There were no formal parts at all to the wedding celebration tonight.  Bride and groom sat on the stage forever while almost everyone who came, got around them (each family group) and had their picture taken with them. Then they finally got off the stage and sat in chairs facing the stage and this famous group played music. Very, very nice young men with guitars and great voices. They played wonderful music. It was pleasant to just sit and watch and see all the gorgeous fabrics and colors of the ladies saris (most women wore a sari tonight). The colors and materials are just out of this world and never the same.
We left close to midnight, before the food had even been served!

house. On the street I noticed an enormous generator to create enough power for all the lights etc. for the party. I think that each house has it own generator. Our power goes off regularly, sometimes three times a day. Candles lined the drive like the fancy cars lined the street. While the owners mingle, the chauffeurs all visit and also eat, usually the tables are laden again after the guests eat, with all the same foods, and then the personnel, drivers and nannies come to eat. I can’t begin to imagine how much these weddings cost.

My very last day in Lahore… I kept waking up during the night and was sound asleep when a girl knocked on my door and brought me breakfast in my room. Had a quick shower and then we left for the Grammar School – a nice 5 story brick building with open sitting areas on the roof and potted palms everywhere.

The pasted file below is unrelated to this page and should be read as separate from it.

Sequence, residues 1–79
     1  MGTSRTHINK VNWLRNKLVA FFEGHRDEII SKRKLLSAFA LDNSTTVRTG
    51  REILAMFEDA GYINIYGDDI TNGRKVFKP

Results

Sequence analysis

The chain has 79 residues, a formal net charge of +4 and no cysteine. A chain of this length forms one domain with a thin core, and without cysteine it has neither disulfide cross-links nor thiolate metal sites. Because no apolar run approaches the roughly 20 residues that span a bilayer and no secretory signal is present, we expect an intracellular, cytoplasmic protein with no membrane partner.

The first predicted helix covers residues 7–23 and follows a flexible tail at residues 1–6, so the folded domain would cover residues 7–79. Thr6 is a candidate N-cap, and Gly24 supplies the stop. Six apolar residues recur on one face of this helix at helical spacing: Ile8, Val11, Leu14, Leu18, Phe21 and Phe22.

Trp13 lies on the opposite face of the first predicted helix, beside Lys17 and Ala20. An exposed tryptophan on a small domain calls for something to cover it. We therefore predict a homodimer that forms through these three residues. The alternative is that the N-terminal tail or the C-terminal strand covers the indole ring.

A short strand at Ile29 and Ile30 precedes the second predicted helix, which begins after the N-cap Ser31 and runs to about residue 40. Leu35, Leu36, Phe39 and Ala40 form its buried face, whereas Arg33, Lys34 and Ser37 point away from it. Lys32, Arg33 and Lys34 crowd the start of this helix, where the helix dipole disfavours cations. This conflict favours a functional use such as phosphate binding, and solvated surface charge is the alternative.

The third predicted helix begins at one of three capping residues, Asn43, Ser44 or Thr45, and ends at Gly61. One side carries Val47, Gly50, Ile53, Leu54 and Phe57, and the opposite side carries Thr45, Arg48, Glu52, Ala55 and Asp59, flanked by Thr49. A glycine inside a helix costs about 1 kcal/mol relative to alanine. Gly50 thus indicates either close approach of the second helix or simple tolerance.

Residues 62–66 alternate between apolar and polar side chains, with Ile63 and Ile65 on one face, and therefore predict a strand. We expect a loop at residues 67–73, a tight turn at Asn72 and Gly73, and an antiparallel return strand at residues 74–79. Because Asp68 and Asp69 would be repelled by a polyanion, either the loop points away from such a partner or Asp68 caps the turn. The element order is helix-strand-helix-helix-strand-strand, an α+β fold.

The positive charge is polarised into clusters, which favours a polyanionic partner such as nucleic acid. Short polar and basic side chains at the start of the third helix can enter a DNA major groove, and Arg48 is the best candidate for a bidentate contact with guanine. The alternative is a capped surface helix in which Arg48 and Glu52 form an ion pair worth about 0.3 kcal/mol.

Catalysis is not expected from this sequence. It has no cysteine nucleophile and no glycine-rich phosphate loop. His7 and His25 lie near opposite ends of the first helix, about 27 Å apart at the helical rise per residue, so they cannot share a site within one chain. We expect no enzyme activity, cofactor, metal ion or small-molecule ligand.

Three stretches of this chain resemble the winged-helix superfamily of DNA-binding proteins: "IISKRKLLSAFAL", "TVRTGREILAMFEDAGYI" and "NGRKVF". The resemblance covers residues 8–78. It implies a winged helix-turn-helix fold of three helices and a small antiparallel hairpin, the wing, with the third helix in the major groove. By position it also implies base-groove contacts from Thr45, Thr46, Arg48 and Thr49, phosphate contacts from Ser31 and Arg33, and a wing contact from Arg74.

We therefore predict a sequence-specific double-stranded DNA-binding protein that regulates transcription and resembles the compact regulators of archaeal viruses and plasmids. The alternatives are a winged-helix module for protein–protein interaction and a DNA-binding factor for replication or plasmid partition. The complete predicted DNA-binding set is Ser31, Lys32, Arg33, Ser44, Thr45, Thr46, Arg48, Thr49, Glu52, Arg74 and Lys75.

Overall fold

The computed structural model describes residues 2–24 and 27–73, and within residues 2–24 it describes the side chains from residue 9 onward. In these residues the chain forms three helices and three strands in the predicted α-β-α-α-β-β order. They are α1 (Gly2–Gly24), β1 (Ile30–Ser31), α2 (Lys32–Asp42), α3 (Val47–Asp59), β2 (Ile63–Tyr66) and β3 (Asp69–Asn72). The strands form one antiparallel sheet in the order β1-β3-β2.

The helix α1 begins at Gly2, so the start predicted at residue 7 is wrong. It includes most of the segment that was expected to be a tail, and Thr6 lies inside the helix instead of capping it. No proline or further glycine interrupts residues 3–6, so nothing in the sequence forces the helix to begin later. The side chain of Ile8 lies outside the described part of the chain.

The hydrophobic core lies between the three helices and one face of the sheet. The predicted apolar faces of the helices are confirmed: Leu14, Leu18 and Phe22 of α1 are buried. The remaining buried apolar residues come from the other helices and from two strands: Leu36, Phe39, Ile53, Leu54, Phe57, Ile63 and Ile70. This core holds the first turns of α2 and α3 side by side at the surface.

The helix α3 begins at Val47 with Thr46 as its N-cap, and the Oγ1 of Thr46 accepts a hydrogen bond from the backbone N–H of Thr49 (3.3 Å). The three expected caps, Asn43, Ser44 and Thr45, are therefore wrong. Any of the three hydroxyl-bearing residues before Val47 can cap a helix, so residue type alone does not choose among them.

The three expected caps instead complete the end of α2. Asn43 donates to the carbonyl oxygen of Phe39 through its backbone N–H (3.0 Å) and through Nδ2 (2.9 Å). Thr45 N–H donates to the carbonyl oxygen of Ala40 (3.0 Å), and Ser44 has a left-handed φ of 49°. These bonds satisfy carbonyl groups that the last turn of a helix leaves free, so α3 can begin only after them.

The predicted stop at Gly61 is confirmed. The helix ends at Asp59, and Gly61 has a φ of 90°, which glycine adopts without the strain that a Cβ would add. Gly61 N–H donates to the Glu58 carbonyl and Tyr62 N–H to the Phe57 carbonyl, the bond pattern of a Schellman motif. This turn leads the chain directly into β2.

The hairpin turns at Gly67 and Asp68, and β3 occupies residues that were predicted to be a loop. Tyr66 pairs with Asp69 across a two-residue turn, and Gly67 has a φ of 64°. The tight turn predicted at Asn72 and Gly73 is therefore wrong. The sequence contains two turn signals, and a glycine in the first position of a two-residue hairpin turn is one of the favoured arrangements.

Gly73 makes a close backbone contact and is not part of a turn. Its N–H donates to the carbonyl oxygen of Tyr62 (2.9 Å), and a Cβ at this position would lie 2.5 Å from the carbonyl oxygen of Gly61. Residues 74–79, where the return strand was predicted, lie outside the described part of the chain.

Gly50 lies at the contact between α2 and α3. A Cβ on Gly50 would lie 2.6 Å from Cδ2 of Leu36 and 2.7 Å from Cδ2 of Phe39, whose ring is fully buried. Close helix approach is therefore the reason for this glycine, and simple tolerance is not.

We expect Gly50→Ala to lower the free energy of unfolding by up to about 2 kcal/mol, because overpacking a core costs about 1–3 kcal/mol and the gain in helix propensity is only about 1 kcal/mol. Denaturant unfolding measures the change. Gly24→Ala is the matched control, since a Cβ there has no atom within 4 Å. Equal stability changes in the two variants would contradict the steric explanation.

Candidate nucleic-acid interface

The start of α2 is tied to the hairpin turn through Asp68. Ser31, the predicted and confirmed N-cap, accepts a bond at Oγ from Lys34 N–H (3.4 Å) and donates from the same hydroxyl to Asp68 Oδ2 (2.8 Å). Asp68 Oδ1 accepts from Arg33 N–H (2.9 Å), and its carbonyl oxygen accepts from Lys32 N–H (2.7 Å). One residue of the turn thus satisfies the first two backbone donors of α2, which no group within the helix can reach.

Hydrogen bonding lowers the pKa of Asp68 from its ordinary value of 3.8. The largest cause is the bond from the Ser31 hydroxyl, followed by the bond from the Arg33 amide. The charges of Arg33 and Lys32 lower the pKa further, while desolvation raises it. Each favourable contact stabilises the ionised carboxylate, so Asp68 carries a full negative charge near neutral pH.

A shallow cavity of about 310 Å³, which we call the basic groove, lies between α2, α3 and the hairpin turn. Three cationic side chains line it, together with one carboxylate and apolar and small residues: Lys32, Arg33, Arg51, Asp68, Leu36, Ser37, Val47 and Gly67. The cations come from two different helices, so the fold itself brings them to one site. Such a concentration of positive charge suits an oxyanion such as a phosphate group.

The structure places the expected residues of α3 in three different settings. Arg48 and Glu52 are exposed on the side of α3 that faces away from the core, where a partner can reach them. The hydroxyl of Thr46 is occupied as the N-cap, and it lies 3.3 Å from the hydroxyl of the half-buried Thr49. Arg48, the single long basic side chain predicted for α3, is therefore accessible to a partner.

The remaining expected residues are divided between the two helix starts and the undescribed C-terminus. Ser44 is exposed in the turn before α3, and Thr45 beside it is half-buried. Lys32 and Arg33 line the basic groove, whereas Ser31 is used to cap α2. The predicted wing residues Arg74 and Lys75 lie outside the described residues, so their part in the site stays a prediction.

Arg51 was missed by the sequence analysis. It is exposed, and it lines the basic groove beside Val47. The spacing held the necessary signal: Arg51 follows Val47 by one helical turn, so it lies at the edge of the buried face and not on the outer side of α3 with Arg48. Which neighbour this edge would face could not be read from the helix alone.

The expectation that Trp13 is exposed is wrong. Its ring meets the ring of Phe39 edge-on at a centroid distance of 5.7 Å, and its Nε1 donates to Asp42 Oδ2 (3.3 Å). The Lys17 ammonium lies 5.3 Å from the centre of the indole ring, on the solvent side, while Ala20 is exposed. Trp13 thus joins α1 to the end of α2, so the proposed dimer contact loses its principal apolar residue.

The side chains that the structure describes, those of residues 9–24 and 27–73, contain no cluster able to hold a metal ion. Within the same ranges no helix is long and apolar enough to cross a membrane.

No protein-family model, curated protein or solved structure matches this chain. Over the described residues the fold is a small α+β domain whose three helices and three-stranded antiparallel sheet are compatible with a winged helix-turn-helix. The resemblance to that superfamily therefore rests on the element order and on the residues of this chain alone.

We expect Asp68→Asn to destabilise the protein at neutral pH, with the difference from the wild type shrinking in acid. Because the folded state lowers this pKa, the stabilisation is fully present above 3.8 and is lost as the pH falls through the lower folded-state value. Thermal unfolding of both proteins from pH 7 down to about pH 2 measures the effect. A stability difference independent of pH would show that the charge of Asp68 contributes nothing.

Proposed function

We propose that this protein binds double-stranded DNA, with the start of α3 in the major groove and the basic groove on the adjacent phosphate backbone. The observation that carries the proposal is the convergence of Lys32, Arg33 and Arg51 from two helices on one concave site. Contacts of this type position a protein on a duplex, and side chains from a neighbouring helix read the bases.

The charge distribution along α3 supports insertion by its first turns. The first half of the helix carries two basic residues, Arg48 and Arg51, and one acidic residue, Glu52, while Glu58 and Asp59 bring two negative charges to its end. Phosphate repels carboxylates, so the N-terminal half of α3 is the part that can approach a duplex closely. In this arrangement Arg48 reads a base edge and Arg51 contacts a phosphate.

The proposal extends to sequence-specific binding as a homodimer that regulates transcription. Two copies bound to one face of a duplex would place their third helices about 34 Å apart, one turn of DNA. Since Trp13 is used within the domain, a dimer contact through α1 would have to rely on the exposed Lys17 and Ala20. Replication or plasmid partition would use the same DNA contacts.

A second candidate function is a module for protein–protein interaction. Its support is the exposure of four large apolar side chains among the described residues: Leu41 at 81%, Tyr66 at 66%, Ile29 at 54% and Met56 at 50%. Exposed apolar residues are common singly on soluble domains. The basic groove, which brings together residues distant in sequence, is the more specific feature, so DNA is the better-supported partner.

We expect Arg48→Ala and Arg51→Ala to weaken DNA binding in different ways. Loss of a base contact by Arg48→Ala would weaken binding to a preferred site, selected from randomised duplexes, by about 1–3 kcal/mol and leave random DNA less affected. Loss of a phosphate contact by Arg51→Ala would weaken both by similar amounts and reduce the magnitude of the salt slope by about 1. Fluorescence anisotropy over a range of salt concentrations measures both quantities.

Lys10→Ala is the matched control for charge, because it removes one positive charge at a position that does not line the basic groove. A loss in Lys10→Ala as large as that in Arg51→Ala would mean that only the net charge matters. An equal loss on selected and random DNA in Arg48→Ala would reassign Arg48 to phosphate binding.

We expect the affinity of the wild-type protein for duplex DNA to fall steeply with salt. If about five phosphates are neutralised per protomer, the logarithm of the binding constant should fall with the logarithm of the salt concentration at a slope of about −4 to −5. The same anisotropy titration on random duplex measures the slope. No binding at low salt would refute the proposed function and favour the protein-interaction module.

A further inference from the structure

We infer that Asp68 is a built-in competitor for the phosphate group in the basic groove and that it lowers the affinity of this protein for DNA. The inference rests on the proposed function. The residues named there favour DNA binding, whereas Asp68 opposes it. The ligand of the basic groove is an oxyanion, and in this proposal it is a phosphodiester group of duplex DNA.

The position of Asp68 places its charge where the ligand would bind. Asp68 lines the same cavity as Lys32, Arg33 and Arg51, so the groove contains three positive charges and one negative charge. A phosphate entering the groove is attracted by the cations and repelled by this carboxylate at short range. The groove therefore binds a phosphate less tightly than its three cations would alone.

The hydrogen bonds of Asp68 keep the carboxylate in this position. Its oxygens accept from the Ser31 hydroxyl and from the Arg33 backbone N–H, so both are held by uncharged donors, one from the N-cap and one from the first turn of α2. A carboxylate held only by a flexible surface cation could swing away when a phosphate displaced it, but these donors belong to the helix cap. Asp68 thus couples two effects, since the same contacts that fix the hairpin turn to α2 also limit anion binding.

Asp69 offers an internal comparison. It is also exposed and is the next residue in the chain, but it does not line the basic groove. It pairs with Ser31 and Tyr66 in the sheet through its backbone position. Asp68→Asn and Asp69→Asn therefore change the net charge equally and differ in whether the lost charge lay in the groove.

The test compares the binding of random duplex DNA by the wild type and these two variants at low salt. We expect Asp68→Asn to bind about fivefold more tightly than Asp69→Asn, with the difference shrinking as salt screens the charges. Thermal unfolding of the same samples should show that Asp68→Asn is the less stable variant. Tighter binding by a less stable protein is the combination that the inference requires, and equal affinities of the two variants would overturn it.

I did two slideshow presentations for two groups of students and then a writing workshop with teachers from different schools.  

We had a tremendous wind storm today, with sand and leaves blowing in under the door. The power went off several times.
At 11:30 PM the driver took my bags to the car and I said goodbye to everyone. Leila and her husband brought me to the airport, which wasn’t very far. We drove along a beautiful wide boulevard with green grass in the median. The airport was a gorgeous, new building with very tall arched windows and shiny marble floors, very very clean. The security was just like anywhere else. A man whisked my suitcases away, took me through security, immigration, customs and to the check-in counter. He didn’t leave until my luggage was gone and I had my boarding pass. I walked through the large airport towards the gate and would have a few hours to wait for my 3 AM flight. Immediately, a man from a coffee shop came and asked if I wanted tea or coffee. First I waved him away and did some window shopping. But once I sat down and a man asked, I said ‘sure, coffee’. Well… they should have this at every airport!! The guy went away and came back a bit later with a tray lovely laid out with a cup of strong coffee, milk, sugar, two slices or pound cake and some cheese sandwiches. I sat and enjoyed all this – for around two dollars!